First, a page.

The 16th annual Roger Ebert‘s Film Festival, also known as Ebertfest, will kick off April 23 with the critic himself. The Ebert documentary Life Itself, from director Steve James (Hoop Dreams), will open the annual film festival held in Champaign-Urbana, IL where special guests Spike Lee, Oliver Stone, Patton Oswalt, Ramin Bahrani, Brie Larson, Sony Classics co-president Michael Barker, Fandor’s Ted Hope, and critics David Bordwell and Kristin Thompson will be in attendance. Established as a haven for overlooked but praiseworthy films, Ebertfest this year will screen Lee’s Do The Right Thing, Stone’s Born On The Fourth of July, Jason Reitman’s Young Adult starring Oswalt, Bahrani’s Goodbye Solo, and last year’s acclaimed SXSW winner Short Term 12 featuring a breakout turn by Larson, whose co-star Keith Stanfield will also be in attendance. New Orleans blues musician Henry Butler is set to close out the fest with a special performance in honor of jazz singer and pianist James Booker. Chaz Ebert will host the festival created by her late husband, who passed away last April. Here’s the full slate:
“I think I am so fortunate to have had one of the greatest love stories,” Chaz Ebert emotionally told the crowd tonight at the Sundance Film Festival world premiere screening of the biographical documentary about her late …
Myriad Pictures has tapped Richard Loncraine to direct Morgan Freeman and Diane Keaton in Life Itself, a comedy based on the Jill Ciment novel Heroic Measures. Charlie Peters wrote the screenplay, about a long-married NY couple who find themselves swept into an emotional and comical real estate bidding war when they put their beloved downtown apartment on the market — and must come to terms with the possibility of moving from the home where they have spent most of their adult lives. Freeman and Lori McCreary’s Revelations Entertainment will produce with Latitude Productions. McCreary, Curtis Burch, Peters and Tracy Mercer are producing, and Freeman will executive produce. Myriad’s Kirk D’Amico and David Ducar negotiated international sales rights to the film and the company is introducing the project at Cannes. Its slate here includes Emanuel And The Truth About Fishes starring Kaya Scodelario and Jessica Biel; The Disappearance Of Eleanor Rigby: Him And Her with Jessica Chastain and James McAvoy; Life Partners with Leighton Meester, Adam Brody, and Gillian Jacobs; and the Derek Martini-directed The Curse Of Downers Grove with Bella Heathcote, Lucas Till and Kevin Zegers. CAA and WME Global co-rep North American rights to Life Itself.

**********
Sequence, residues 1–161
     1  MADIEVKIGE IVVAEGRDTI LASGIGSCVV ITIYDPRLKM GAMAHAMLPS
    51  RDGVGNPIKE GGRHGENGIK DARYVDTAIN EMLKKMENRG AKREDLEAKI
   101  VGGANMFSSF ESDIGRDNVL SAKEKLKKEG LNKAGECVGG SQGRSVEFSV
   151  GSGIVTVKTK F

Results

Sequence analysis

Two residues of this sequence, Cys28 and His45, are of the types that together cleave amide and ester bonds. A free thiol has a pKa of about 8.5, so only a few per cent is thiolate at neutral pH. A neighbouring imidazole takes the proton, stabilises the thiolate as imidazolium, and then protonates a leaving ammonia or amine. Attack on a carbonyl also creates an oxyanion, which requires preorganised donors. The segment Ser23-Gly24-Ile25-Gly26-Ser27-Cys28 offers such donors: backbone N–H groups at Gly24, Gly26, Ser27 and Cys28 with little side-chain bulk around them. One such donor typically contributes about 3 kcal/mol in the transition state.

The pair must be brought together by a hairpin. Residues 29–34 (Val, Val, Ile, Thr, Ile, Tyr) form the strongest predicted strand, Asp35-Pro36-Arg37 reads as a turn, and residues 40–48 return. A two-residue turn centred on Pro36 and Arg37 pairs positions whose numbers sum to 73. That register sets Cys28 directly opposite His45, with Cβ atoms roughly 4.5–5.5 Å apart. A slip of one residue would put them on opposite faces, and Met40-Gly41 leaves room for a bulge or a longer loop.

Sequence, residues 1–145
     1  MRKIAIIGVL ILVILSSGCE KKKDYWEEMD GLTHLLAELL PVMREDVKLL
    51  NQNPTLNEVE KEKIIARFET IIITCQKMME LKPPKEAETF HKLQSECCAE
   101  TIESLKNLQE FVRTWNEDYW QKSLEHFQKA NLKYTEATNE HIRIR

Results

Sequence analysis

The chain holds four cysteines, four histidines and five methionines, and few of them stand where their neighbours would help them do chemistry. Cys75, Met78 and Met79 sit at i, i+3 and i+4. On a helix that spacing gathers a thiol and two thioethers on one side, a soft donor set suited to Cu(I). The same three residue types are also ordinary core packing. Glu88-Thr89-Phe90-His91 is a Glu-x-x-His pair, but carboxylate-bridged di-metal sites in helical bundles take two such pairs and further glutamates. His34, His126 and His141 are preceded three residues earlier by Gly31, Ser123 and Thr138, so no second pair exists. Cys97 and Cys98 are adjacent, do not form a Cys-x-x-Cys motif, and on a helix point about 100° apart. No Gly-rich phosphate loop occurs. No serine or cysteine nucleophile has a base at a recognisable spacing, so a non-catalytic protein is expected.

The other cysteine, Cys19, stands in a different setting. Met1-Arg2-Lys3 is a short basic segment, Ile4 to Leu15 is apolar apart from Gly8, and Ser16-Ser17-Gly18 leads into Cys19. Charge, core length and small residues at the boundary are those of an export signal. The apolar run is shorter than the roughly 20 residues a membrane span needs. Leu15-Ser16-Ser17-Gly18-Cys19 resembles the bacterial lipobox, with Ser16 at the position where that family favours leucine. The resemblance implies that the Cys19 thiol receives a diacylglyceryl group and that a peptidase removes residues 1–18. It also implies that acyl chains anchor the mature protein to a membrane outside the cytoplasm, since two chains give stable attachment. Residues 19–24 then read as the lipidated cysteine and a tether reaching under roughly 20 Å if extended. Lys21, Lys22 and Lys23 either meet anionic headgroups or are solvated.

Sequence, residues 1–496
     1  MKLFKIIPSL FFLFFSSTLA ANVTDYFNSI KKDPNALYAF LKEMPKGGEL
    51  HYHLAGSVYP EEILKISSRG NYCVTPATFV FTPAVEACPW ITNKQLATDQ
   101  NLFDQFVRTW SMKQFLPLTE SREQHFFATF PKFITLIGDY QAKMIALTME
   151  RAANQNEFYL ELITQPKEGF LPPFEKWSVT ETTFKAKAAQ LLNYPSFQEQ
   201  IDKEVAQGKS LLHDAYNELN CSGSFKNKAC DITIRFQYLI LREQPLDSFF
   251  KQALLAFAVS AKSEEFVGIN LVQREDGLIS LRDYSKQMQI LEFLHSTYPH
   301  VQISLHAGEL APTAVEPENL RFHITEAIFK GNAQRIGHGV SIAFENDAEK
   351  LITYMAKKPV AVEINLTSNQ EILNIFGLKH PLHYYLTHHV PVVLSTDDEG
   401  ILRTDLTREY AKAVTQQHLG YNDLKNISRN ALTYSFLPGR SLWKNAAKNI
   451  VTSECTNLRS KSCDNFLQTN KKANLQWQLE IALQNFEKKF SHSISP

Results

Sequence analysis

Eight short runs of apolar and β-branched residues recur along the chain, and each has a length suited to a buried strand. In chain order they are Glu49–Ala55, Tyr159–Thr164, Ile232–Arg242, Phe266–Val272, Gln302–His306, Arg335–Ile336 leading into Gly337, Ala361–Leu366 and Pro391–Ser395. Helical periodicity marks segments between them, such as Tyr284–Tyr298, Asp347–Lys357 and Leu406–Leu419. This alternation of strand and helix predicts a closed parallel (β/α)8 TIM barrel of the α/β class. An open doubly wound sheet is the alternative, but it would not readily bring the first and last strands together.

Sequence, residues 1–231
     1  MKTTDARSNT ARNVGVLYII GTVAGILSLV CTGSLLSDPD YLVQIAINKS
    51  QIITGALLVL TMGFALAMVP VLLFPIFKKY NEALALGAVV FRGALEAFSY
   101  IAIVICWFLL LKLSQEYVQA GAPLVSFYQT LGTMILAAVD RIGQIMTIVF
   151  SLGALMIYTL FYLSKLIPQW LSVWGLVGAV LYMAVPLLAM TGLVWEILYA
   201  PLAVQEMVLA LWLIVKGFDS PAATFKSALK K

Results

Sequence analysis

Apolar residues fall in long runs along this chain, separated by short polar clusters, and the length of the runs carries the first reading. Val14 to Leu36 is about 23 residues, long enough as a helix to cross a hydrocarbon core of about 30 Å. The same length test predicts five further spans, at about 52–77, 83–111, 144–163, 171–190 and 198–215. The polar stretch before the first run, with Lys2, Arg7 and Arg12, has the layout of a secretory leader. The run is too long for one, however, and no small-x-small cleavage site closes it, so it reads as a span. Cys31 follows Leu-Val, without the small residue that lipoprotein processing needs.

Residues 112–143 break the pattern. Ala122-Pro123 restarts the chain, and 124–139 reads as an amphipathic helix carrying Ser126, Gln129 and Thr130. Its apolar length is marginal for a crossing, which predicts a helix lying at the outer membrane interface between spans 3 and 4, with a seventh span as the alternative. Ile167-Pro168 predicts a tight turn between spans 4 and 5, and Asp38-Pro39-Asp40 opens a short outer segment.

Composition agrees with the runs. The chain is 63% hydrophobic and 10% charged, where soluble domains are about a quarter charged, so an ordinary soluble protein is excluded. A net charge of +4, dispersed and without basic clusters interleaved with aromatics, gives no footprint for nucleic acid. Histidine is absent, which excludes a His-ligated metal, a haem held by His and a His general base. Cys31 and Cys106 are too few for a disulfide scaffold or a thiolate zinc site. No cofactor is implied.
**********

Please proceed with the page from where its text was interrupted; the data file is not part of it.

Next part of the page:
Certainly Roger Ebert will be remembered for many things. Winning an unprecedented Pulitzer Prize in 1975 for film criticism is just one of them. For me, though, beyond that distinction Roger was far more unique in the pantheon of the truly great critics of our time, and all time. Along with Gene Siskel he figured out a way to take film criticism to the masses in a way it never really had been, at least on a national basis. With their patented ’2 Thumbs Up’ and ’2 Thumbs Down’ reviews on their pioneering PBS and later syndicated weekly TV show, this pair not only brought the job of a film critic into the national consciousness, they also made it fun. And accessible. The ‘thumbs’ signature was really the forerunner of a site like Rotten Tomatoes, an instantly recognizable label that moviegoers could use like a Good Housekeeping Seal of Approval when it appeared in an ad as it did hundreds of times.
Related: Reactions To Roger Ebert’s Death
Unlike so many critics today Roger Ebert loved movies, even when he hated them, an attribute so many of today’s self-absorbed so-called critics greatly lack. In fact one of my favorite personal Ebert memories happened at the 2003 Cannes Film Festival at a mid-day screening of Vincent Gallo’s unwatchable The Brown Bunny. Not only did he call it then the worst movie in the festival’s history, he added, “I have not seen every film in the history of the festival, yet I feel my judgement will stand”. At one excruciating point in the film he even started singing “Raindrops Keep Falling On My Head” out loud, eliciting laughter from what was left of the audience at that point. I wondered at the time “now who has the chutzpah to do that?” only to find it was Roger.